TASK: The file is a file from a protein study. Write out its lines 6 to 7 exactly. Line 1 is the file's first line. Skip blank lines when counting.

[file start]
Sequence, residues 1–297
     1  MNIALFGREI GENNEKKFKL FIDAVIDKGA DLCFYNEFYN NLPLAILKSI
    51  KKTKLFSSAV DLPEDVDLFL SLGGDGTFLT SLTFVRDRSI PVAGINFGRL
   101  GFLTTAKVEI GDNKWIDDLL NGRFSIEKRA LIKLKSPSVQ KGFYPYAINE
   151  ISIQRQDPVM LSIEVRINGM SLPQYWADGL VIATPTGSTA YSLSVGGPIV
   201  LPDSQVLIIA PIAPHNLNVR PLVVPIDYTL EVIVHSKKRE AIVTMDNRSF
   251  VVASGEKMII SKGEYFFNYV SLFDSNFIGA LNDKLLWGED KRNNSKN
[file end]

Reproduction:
   201  LPDSQVLIIA PIAPHNLNVR PLVVPIDYTL EVIVHSKKRE AIVTMDNRSF
   251  VVASGEKMII SKGEYFFNYV SLFDSNFIGA LNDKLLWGED KRNNSKN